As a microbiologist, I’m very much against the beagle
being anywhere near my family licking my face.
I don’t allow it. You simply don’t know where that tongue has just been.
And so that’s just another of the many, many reasons that the above situation could (thankfully) never occur Chez 6000…
And before you ask further household/canine hygiene based questions:
1. Lots and lots of hand-washing.
2. No. Not in the bedrooms.
3. No. There’s no point in having the 5-second rule, because:
a) It’s based on crappy science, and
b) The beagle eats anything that gets dropped on the floor within 5 seconds anyway.
4. No. Of course I can’t reach them. It’s just a cartoon. Jesus.
All good? Great. Happy to have been of assistance.
Do you have a dog? Of course you do. Or perhaps you don’t.
Either way, there’s good evidence that allowing your dog to lick you (this is apparently the dog version of a kiss) could lead to all sorts of nasty stuff happening to you.
It may seem like a harmless display of affection, but allowing your pet to ‘kiss’ you could be dangerous – or even fatal.
So states the Guardian in their article, entitled:
Should I let my dog lick my face?
And the easy answer seems to be “no”, unless you want to play with Clostridium spp, E.coli and Campylobacter spp. Or Pasteurella multocida, a regular part of your dog’s normal mouth flora, which was:
… blamed for meningitis in 42 infants in France under the age of four between 2001 and 2011. Nearly half the babies were newborn, and most were infected as a result of dogs or cats licking them. Four died.
Or Haemophilus aphrophilus, responsible for causing brain abscesses and inflammation of the heart.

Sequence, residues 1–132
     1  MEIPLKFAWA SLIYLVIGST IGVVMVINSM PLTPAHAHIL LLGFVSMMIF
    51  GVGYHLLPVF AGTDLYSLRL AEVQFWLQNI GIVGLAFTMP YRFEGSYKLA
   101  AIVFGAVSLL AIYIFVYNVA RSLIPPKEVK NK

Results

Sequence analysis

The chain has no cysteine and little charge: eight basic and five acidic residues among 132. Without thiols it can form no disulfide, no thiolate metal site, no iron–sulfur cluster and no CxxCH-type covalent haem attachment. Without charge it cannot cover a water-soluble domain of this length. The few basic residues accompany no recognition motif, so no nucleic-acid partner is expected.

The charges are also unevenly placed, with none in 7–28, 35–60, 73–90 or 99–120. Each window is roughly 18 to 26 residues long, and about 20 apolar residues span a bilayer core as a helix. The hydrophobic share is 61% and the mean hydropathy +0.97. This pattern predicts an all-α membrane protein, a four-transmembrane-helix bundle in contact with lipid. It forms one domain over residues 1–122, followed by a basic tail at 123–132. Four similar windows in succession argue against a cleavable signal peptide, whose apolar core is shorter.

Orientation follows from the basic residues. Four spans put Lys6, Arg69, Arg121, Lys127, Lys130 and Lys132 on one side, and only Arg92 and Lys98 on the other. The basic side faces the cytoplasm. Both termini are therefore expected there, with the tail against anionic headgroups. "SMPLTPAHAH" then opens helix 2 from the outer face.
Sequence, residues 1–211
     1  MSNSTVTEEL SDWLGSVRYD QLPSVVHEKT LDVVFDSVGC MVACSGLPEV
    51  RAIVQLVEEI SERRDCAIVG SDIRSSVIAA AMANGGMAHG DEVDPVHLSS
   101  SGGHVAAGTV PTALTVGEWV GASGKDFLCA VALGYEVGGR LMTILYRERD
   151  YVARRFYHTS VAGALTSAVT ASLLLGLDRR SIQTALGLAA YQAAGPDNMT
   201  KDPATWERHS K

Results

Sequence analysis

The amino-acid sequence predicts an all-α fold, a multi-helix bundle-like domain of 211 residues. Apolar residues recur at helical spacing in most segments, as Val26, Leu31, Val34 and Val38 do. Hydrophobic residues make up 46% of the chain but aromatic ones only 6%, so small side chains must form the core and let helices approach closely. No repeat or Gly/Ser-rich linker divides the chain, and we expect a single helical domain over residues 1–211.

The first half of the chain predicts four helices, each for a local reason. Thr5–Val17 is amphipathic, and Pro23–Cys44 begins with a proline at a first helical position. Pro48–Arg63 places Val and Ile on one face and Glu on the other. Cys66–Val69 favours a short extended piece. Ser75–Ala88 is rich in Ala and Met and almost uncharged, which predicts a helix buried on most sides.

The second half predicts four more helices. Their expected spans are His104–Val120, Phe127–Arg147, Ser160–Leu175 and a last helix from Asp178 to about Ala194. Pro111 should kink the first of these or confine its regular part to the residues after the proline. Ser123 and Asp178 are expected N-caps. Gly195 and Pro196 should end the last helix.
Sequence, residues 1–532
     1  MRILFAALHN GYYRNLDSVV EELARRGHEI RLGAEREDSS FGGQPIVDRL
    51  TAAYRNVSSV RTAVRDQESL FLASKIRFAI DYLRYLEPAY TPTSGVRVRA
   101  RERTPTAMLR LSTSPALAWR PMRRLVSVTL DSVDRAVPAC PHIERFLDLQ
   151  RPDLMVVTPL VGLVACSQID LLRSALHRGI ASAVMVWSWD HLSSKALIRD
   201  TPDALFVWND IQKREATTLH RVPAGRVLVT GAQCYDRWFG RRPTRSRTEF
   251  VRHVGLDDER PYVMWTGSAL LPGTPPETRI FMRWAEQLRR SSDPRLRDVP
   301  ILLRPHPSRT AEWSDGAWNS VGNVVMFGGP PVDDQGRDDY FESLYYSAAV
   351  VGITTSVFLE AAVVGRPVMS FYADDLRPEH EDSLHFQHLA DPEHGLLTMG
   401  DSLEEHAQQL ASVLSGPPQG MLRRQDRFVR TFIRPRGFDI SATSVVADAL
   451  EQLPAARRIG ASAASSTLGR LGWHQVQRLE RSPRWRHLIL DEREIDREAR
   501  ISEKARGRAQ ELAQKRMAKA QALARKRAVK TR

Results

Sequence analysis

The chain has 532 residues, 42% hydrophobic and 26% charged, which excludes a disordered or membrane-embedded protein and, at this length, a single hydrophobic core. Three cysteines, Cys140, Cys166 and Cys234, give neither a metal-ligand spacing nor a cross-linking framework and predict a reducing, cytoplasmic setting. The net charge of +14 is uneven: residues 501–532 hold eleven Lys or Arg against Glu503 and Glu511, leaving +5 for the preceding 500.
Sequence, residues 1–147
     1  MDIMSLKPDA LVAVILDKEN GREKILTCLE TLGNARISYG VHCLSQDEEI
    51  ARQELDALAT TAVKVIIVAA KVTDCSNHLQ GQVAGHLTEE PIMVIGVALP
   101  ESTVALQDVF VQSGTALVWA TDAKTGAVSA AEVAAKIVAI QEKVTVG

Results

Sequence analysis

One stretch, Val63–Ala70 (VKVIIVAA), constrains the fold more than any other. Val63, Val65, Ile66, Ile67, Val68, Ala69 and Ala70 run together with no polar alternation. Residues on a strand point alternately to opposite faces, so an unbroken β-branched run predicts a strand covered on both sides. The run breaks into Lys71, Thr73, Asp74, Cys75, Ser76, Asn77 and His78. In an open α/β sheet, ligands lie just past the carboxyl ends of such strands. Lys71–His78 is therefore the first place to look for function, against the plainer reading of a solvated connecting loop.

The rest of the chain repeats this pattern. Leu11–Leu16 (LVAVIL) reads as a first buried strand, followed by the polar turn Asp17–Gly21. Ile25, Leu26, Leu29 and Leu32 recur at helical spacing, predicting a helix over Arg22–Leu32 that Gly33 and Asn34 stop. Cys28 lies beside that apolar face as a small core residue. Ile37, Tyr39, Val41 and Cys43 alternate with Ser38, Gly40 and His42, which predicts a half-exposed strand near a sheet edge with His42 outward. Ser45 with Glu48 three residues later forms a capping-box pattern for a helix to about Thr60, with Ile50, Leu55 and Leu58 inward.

Or Dipylidium caninum – the double-pored dog tapeworm, the human excretion of which is always a favourite at parties. (Depending on which sort of parties you go to.)
And never forget the virtually unculturable (it’s really tough to grow it in a lab) Capnocytophaga canimorsus responsible for nearly doing for a 70-year-old woman in London earlier this year.
Statistically, you are extremely unlikely to get an horrific infection from allowing your dog (or cat – they’re hardly innocent in all this microbiological mayhem) lick your face. However, you are even less likely to get an horrific infection if you don’t allow your dog (or cat) to lick your face.
I know which route I’ll be taking. And I don’t even have a cat.
In great news for the shareholders of Grundheimer Schnauzerbeagle (Pty) Ltd and all the other pharmaceutical companies out there, I have infected my wife with my lurgy.
As the first signs of my recovery shone brightly like a light at the end of a two day long tunnel this afternoon, Mrs 6000 came home from a tough day at the office (and beyond) with a look that suggested germs, disease and – almost certainly – infection, had taken hold.
My insistence that I was merely testing the theories of Lister, Pasteur, Koch et al. (and al‘s theory was particularly good) don’t seem to have impressed her much. I may be in trouble here.
Still, it was just yesterday that she was telling me how good it was that I was ill this week, “getting it out of the way” before we head off on holiday next week.
Maybe if I tell her how fortunate she is to be feeling so rough right now, it’ll make her feel better.
Yeah. I think I’ll go do that now.